Tough new vacation rental law takes effect in City of South Lake Tahoe
- Jan 4, 2018 | MyLodgeTax
The City of South Lake Tahoe is cracking down on short-term vacation rentals with a restrictive new ordinance, additional staff, and outside experts to help with monitoring and enforcement.
The new law went into effect Dec. 22 and includes a $1,000 fine for both renters and owners for violations. Violators will no longer be given warnings before they’re fined for breaking the rules.
The city’s efforts send a strong signal to South Lake Tahoe vacation rental operators that the city is serious about controlling the industry and enforcing rules ranging from hot-tub operating hours to lodging tax collection. To avoid hassles and severe penalties, owners need to understand the rules and get compliant.
Those rules include a “three strikes” provision in which rental owners who have three violations within a 24-month period can permanently lose their permit to offer short-term rentals. The city has also set a cap on the number of short-term rentals in the city (outside of the tourist core) at 1,400. Other rules include:
- No excessive noise, especially after 10 p.m.
- No outside hot-tub use between 10 p.m. and 8 a.m.
- No street parking by renters
- No commercial events or weddings allowed in vacation rentals
- Trash must be kept indoors or in a bear-safe box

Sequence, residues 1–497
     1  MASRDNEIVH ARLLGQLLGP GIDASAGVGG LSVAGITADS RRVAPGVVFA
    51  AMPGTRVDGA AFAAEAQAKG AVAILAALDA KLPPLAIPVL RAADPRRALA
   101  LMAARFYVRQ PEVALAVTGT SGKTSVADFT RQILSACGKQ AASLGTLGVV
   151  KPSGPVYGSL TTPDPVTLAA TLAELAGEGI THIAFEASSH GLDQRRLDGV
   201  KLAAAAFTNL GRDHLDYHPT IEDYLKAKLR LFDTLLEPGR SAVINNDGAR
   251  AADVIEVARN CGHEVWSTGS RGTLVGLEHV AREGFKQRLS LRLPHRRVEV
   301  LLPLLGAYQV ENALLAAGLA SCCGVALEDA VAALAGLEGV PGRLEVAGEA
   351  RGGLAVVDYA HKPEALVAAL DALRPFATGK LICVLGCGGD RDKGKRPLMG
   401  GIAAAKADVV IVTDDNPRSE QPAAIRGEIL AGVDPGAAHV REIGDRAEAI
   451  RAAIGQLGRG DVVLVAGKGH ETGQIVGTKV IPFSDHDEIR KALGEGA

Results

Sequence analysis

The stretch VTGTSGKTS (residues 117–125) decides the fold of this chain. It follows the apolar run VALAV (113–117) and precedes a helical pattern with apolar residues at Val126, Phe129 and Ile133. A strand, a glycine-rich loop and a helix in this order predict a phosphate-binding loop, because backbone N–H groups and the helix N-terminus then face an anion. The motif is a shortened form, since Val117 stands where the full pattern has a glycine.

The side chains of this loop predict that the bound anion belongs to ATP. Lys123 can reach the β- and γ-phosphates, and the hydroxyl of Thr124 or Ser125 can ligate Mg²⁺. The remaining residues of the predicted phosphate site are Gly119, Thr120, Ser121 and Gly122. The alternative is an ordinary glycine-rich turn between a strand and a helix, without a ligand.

Short-term vacation rental operators must also be licensed and renew their registration every year.
Unlike legislation in many communities, South Lake Tahoe’s law comes with a commitment to enforcement. City law enforcement, code enforcement, and the planning department are working together on enforcing short-term rental regulations, and the city has hired three new staffers focusing solely on short-term vacation rentals.
The city has also hired an outside company, Host Compliance, to help with identifying and monitoring vacation rental operators as well as tax collection. Host Compliance will also run a 24-hour hotline for complaints about rentals. The city is paying the company $118,400 a year, which is expected to be offset by increased tax collection and fines.
Short-term rental operators in South Lake Tahoe are required to collect a transient occupancy tax of 12 percent of the cost of accommodations from their guests and pass those tax revenues on to the city. For certain redevelopment properties, the transient occupancy tax is 14 percent.
Although Airbnb collects lodging taxes on behalf of its hosts in some California cities, it does not collect them in South Lake Tahoe, and neither do other listing platforms such as VRBO or HomeAway. That means that short-term rental operators are responsible for registering, collecting taxes from their guests, and filing tax returns and remitting taxes to the city.